Key Points for Feeding Newborn Kittens

A comprehensive guide to feeding 0-1 year old kittens and what to watch out for

Are you a new kitten caregiver? In addition to protein, fat and vitamins, what else can kittens eat during their kittenhood? What are the top 3 foods you should never touch? This article contains all the important points of kitten feeding, you must bookmark it!

If you want your kitten to grow up quickly, you need to prepare the right diet for your kitten. Nutritional status during the growth phase will affect future health, so laying a good foundation as a kitten will lead to a healthy cat life!

Kittens are kittens until they are 12 months old.

Kittens are kittens until they are 12 months old.

From birth to 6 months of age, kittens are busy growing at a rapid pace, and while a half year old kitten may look mature on the outside, it’s still working hard to develop on the inside. So until they celebrate their first birthday, kittens’ bodies need specialized and complete nutrition in order to grow properly!

Where do kittens get their nutritional needs? From birth to 4 weeks of age, kittens receive the perfect milk from their mother that has evolved over tens of thousands of years to be the most suitable for baby cats. However, as kittens are gradually introduced to soft feeds or mother’s milk mixes at 4 weeks of age, and weaned from their mother’s milk at 2 months of age, the responsibility of providing a proper diet for their kittens rests with the owner!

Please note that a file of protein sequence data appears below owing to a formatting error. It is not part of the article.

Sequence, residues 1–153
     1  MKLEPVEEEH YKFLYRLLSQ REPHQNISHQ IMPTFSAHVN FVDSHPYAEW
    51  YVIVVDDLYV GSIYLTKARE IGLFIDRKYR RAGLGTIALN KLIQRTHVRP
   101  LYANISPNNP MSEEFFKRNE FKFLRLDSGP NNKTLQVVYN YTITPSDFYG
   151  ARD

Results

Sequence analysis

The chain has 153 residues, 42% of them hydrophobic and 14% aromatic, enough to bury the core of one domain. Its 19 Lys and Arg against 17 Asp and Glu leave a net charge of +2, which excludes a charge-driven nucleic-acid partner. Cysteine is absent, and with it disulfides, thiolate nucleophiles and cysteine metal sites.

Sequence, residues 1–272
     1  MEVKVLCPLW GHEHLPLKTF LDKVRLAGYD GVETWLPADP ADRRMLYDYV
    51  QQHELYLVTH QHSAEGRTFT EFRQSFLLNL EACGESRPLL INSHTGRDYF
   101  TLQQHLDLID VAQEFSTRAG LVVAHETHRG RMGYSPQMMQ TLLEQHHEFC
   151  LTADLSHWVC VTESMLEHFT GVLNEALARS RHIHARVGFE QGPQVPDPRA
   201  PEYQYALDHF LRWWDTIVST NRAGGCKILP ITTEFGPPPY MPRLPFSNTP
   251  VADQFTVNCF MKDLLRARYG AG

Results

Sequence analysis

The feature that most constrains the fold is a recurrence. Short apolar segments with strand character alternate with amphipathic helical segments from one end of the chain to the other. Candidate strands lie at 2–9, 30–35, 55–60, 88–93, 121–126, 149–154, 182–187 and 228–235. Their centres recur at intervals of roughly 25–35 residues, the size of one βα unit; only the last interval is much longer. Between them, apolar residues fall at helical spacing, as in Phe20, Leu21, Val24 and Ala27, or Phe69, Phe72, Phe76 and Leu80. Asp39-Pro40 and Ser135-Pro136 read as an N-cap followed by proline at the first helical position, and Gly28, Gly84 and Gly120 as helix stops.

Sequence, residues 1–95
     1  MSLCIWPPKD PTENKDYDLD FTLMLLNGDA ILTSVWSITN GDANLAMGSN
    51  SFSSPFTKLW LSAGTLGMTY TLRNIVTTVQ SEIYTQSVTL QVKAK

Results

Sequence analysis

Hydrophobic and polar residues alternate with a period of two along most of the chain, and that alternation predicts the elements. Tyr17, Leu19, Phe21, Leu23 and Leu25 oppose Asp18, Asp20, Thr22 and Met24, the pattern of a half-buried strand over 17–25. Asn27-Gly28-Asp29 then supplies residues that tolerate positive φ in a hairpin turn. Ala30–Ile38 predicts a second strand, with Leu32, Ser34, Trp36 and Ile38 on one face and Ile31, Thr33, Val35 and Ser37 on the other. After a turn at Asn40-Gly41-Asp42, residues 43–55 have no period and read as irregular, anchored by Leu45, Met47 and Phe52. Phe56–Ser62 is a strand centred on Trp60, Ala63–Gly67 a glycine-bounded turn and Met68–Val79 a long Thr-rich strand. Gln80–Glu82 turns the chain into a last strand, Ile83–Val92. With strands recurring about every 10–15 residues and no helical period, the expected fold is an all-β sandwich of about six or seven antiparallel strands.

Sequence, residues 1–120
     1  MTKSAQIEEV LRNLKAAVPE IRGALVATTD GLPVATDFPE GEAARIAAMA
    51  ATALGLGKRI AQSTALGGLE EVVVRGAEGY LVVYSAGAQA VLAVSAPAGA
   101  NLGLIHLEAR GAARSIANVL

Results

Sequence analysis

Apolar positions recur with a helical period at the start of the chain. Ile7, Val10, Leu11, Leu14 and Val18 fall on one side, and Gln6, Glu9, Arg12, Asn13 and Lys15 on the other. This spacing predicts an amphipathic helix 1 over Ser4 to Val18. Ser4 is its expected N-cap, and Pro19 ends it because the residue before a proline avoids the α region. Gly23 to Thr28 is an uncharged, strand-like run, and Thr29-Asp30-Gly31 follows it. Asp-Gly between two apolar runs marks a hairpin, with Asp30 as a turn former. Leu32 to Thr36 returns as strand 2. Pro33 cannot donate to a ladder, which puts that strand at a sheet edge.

Key Points for Feeding Newborn Kittens from 0 to 1 Month

Key Points for Feeding Newborn Kittens

At this stage, kittens are not yet weaned, and mother’s milk is the best food for them, as it has sufficient nutrition, energy and antibodies from the mother. If mother’s milk cannot be fed, special milk powder should be chosen, and fresh milk should not be fed, as kittens are unable to digest too much lactose, and too much lactose cannot be absorbed, which will cause diarrhea in kittens. Laying a good foundation is the only way to help your kitten grow strong and healthy for the next stage of its growth!

Feeding tips for kittens at the 1-2 month weaning and tooth replacement stage

At this stage, kittens can slowly prepare some weaning food, but since the stomach and intestines have not yet fully developed their digestive functions, it is recommended that you prepare mousse-type canned food specifically for kittens, or digestible kitten-specific feeds with small granules, etc. You should adopt a gradual approach to help your kitten adapt to food.

Key points for feeding kittens between 4 and 12 months of age during the moulting and growth period

Between 4 months and 1 year of age, kittens’ bones and muscles are developing rapidly, so balanced nutrition is very important. Kittens can eat solid food at this time, but kitten-specific feed or canned food should be used as the mainstay in order to get the complete nutrition that kittens need.

Nutritional Requirements for Kittens: Adequate nutrition is most important for kittens to grow well!

Nutritional Requirements for Kittens

From 0-1 years of age is an important stage in building a cat’s physique. Not only do they need to eat well and sleep well, the food they eat must also be nutritionally balanced. Protein and fat are the energy and nutrients kittens need to grow, and can help with muscle growth; vitamins and minerals are important elements in the development of teeth and bones, and are essential.

Nutritional Requirements for Kittens 1 – Protein